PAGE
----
10-year decorated veteran was assigned to patrol operations at District IV Waldorf station
Charles County sheriff’s Patrolman First Class Jamel Clagett, 30, died in a motor vehicle crash Sunday morning on Route 218 in King George, Va., according to the sheriff’s office.
Clagett was driving home after working a midnight shift when his car left the roadway and struck a tree; he died instantly, the sheriff’s office reported. Clagett, a 10-year decorated veteran of the sheriff’s office, was assigned to patrol operations at the District IV Waldorf station.
“Jamel was a great policeman who cared about his community and valued his fellow workers. He was known for his kindness. In fact, his last act this morning – after working an eight hour overnight shift – was buying breakfast at a local restaurant and dropping it off to our midnight communications staff, whom he considered family,” Sheriff Troy Berry (D) said in a news release. “Jamel always made it a point to look out for others and to make sure everyone was happy before he went home for the day.”
Amanda Stewart (Commissioner-Elect, District 3)
Monday, Dec. 22, 6:30 p.m.
Waldorf West Library, Room A (10405 O’Donnell Place, Waldorf)
Starting in January, Maryland Motor Vehicle Administration employees will no longer be able to select or change a voter’s political party when handling voter registrations.
The change comes in response to reports of Montgomery County voters’ political party affiliations being changed, without their knowledge or consent, following a trip to the MVA.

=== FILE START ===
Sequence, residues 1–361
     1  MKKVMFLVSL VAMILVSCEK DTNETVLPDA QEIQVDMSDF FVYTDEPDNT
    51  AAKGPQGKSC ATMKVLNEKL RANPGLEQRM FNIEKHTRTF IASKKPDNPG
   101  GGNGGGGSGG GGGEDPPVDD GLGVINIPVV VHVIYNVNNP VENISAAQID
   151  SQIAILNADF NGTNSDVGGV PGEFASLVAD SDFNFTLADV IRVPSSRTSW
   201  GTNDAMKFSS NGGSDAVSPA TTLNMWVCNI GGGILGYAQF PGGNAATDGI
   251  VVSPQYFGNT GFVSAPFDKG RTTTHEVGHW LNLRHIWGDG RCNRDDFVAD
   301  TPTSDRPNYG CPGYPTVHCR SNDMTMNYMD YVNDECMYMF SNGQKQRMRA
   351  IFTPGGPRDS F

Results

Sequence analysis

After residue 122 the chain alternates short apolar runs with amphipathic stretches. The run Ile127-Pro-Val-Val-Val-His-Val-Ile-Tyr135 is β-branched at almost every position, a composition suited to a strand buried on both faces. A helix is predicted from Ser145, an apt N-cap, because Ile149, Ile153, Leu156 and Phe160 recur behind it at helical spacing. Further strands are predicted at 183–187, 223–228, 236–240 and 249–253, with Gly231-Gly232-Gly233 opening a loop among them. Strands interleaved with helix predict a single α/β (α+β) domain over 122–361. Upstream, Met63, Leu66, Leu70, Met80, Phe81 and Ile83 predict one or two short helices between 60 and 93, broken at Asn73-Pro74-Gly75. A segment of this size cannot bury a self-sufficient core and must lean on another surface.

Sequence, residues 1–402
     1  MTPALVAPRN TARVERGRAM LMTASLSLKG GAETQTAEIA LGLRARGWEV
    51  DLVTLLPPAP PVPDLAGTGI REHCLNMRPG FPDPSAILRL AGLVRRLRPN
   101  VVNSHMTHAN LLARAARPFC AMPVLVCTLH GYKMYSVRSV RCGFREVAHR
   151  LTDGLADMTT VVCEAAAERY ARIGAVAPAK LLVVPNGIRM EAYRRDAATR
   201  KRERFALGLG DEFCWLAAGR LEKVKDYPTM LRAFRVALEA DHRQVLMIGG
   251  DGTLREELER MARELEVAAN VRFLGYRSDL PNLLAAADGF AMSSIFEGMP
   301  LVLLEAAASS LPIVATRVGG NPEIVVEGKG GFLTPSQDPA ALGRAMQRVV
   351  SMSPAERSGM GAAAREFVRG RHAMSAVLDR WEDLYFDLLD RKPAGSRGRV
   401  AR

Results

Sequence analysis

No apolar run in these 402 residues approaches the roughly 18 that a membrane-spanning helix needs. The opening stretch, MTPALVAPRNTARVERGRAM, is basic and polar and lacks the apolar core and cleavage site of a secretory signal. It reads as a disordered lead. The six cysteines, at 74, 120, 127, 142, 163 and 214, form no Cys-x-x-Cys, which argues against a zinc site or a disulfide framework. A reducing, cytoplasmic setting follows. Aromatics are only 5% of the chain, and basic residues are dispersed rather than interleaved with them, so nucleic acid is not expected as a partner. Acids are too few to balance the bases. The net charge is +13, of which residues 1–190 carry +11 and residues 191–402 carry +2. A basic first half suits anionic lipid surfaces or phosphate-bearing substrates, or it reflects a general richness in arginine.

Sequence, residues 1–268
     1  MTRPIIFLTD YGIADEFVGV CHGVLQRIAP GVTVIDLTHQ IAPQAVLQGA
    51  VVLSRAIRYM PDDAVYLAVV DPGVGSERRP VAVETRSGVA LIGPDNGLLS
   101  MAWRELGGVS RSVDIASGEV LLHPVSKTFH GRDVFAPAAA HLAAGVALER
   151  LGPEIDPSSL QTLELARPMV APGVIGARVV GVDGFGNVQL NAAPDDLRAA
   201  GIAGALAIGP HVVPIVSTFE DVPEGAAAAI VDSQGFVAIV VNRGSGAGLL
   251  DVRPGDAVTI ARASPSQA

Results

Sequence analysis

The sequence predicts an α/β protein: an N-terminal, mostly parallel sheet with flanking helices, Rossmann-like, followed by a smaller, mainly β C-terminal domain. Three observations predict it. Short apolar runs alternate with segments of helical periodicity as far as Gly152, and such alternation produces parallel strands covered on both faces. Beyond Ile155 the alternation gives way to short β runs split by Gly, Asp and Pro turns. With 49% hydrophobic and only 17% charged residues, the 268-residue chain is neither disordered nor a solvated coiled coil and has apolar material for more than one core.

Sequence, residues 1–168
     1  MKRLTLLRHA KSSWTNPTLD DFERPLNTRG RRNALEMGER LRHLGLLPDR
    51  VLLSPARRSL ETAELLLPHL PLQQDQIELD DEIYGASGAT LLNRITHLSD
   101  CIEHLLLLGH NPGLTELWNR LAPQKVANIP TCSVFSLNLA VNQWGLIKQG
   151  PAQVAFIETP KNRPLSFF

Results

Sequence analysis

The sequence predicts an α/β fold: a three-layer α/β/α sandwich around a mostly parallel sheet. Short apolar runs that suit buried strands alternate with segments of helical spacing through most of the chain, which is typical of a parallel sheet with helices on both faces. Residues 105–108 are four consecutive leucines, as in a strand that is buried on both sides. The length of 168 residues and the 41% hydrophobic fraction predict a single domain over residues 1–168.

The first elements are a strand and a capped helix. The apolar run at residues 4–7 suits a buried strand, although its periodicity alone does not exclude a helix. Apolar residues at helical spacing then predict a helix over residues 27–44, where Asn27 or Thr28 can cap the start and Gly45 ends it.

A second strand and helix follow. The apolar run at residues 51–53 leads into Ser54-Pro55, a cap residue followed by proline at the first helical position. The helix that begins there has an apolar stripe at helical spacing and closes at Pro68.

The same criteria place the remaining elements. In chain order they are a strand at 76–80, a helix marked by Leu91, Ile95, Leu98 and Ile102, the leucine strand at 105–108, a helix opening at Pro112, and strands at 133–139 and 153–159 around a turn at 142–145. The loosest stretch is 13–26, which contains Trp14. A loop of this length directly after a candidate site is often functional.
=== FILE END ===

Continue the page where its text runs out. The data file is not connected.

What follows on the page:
The Gazette first reported the registration problem when voters came forward after the June 24 primary saying they faced obstacles to voting because their party affiliation was changed to “other” without their consent.
Several of the new St. Mary’s County Commissioners feel the previous board was over-aggressive in stoking the trust fund for future employee health care costs (called Other Post-Employment Benefits or OPEB). Commissioner Michael Hewitt (R- District 2) raised the issue during a discussion of the audit for the Fiscal Year 2014 budget and also the previous day during a budget work session.
Hewitt claims that current residents, particularly those getting close to retirement, are paying now for benefits for future generations. Hewitt, instead, wants the commissioners to consider imposing a property tax increase freeze for residents aged 65-75. He said his proposal could sunset in 10 years and the board at that time could revisit it.
Hewitt noted that Montgomery County, with all of its wealth, hasn’t funded at the rate of St. Mary’s. He also used Worchester County as a county with a larger tax base that has taken a more modest approach to OPEB contributions. Others contributing less are neighboring Charles and Calvert counties.
The Army is planning to launch the first of two missile-detecting balloons known as aerostats in the coming days over Maryland’s Aberdeen Proving Ground, kicking off a three-year evaluation of the technology.
The aerostats are part of Raytheon Co.‘s Joint Land Attack Cruise Missile Defense Elevated Netted Sensor System, or JLENS for short. The first 250-foot, helium-inflated blimp will be launched to an elevation of about 10,000 feet. It will keep a cruise missile-detecting radar system aloft — one that can detect threats from Upstate New York to Virginia Beach, Va.